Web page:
By Wilfried Heink – The following essays are based mostly on “Verbrechen der Sieger. Das Schicksal der deutschen Kriegsgefangenen in Osteuropa”(Crimes of the victors. The fate of German POWs in Eastern Europe, Druffel-Verlag, Leoni am Starnberger See, 1975). It begins with a foreword by Brigadier General Wolfgang Schall, retired, POW in the SU (Soviet Union) from 1945 to 1955, as well as a statement of intent by Wilhelm Anders. No actual author is mentioned; it is a compilation of documents and witness statements by the Verband der Heimkehrer und Bund der Vertriebenen (Organization of Returnees and Organization of the Dispelled). They decided to publish this book in 1975 – as preparation for the celebration of the 30th anniversary of Germany’s defeat, and the distortions of history affiliated with that defeat – were underway.
Since then, many books have been written defaming German soldiers, portraying them as brutal killers. The latest effort by Sönke Neitzel and Harald Welzer, simply titled “Soldaten” (Soldiers), features a collection of ‘newly discovered‘ British and American wiretaps, allegedly of conversations of German POWs in various camps. And of course there was the 1995-1999 exhibition,“Vernichtungskrieg. Verbrechen der Wehrmacht 1941 bis 1994”(War of Annihilation: Crimes of the German armed forces 1941-1945), produced by theHamburge Institut für Sozialforschung (Hamburg Institute for Social Research), with its many distortions and outright lies, addressed by Walter Post in “Die Verleumdete Armee” (The defamed army, Pour le Mérite, 1999). These are just two of many examples of German scribblers, who call themselves historians, distorting history. But all of them ignore the book under discussion.
W. Schall writes, on p.7:
“Was die Wissenschaftliche Kommission für deutsche Kriegsgefangenengeschichte in fünfzehn Bänden und mehreren Beiheften an Zeugnissen zusammengetragen hat, ist ein Epos des Grauens und Leidens, das oft jede Phantasie übersteigt. Und doch haben wir es erlebt und sind Zeugen — soweit wir die Heimat wiedersehen durften“.
(The fifteen volumes of testimonies, compiled by the Scientific Commission for Prisoner of War History, tell of an epoch of horror and sufferings straining the imagination. But we did experience it and are witnesses – those of us, at least, who were fortunate enough to return home.)
Mr. Schall tells us that an official body did gather evidence of crimes committed by the victors, consisting of documents as well as testimonies: a fifteen volume endeavor. Prof. Seidler writes that the Wehrmacht (Third Reich fighting force) investigations documented 8,000 cases, including crimes committed by partisans on German soldiers, the results are contained in 226 folders. The whole of it was taken to the USA and only returned in 1968, with many of the files missing (Franz W. Seidler, Die Wehrmacht im Partisanenkrieg, Pour le Mérite-Verlag für Militärgeschichte, Selent, Austria 1999, p. 87). Prof. Seidler also writes that at the end of the war the Allies were not able to prove that Germans violated that elusive “International Law”; Germans, however, had documented numerous cases of the Allies doing so (Ibid, p. 89). The President – during the IMT proceedings of May 16, 1946 – prevented the German defense counsel Dr. Laternser from pointing this out, stating:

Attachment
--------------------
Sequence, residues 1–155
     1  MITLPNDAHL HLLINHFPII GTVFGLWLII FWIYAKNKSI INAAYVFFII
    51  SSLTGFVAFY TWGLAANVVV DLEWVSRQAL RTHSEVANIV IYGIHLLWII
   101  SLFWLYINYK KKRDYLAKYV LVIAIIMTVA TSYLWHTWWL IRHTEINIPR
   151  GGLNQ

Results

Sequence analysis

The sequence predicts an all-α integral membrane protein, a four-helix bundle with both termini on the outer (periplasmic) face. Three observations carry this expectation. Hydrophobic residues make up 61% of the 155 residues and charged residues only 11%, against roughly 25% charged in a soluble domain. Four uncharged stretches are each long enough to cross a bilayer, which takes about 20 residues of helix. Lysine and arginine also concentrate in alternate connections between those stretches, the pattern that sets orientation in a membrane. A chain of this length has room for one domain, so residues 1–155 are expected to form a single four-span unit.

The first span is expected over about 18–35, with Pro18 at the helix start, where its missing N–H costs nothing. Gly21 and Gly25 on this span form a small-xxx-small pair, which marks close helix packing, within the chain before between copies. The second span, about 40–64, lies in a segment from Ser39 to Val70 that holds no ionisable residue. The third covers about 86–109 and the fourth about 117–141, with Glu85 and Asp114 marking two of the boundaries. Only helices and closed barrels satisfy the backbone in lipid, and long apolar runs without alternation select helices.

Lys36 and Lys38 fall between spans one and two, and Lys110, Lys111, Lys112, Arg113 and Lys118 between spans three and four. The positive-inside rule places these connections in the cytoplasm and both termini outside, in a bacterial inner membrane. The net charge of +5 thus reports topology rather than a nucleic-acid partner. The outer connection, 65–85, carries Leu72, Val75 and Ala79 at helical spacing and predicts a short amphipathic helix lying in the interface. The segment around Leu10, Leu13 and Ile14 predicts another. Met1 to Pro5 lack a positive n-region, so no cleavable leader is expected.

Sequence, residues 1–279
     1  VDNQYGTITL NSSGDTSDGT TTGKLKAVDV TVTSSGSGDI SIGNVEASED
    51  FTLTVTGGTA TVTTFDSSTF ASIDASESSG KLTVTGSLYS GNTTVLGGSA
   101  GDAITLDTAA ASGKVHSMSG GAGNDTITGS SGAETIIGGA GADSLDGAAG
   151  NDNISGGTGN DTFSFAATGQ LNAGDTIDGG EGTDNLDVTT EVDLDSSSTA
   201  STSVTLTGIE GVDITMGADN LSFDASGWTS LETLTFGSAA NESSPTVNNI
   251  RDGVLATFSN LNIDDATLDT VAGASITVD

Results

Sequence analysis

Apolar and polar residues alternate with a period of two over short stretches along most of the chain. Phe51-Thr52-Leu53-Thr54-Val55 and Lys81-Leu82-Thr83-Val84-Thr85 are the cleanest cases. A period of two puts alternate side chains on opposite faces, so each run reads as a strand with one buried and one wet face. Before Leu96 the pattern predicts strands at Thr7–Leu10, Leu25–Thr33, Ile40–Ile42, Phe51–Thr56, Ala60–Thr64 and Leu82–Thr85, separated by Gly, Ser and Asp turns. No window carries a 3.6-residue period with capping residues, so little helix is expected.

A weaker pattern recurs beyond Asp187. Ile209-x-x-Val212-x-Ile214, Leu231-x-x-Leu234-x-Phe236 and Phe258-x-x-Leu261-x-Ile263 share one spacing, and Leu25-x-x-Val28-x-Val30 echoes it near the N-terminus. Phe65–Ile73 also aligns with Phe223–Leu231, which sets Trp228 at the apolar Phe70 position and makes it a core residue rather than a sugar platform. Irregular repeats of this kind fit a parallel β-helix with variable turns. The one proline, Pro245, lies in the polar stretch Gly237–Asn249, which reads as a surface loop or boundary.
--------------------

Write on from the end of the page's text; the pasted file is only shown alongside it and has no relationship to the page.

“We are not trying whether any other powers have committed breaches of international law, or crimes against humanity, or war crimes; we are trying whether these defendants have.” (http://avalon.law.yale.edu/imt/05-14-46.asp, p. 521)
Victor’s ‘justice’ at its finest. What happened to this fifteen volume magnum opus? W. Anders writes on p. 9:
After the End: Who Put the Bad in Bad Kreuznach?
There was no “peace treaty” in place at the end of the War. German POWs were labelled “disarmed enemy forces” (DEF) rather that “prisoners of war” in order to skirt provisions of the Hague Land Warfare Convention which mandated humane treatment, including that which stated: “After the peace treaty, prisoners of war should be dismissed into their homeland within shortest period”. By this manipulation of justice, German POWS could be taken to the lands of their former enemies and used as slave labor for extended periods, often at the cost of their lives due to grim hardships encountered before, during and after transit. Furthermore, a German soldier designated as DEF had no right to any food, water or shelter, and could, as many thousands did, die within days.
There were no impartial observers to witness the treatment of POWs held by the U.S. Army. From the date Germany unconditionally surrendered, May 8, 1945, Switzerland was dismissed as the official Protecting Power for German prisoners and the International Red Cross was informed that with no Protecting Power to report to, there was no need for them to send delegates to the camps.
Half of the German POWs in the West were imprisoned by the US forces, half by the British. The number of prisoners reached such a huge proportion that the British could not accept any more, and the US consequently established the Rheinwiesenlager from April to September of 1945 where they quickly built a series of “cages” in open meadows and enclosed them with razor wire. One such notorious field was located at Bad Kreuznach where the German prisoners were herded into the open spaces with no toilets, tents or shelters. They had to burrow sleeping spaces into the ground with their bare hands and in some, there was barely enough room to lay down.
In the Bad Kreuznach cage, up to 560,000 men were interned in a congested area and denied adequate food, water, shelter or sanitary facilities and they died like flies of disease, exposure and illness after surviving on less than 700 calories a day. There are 1,000 official graves in Bad Kreuznach, but it is claimed there are mass graves which have remained off limits to investigation.
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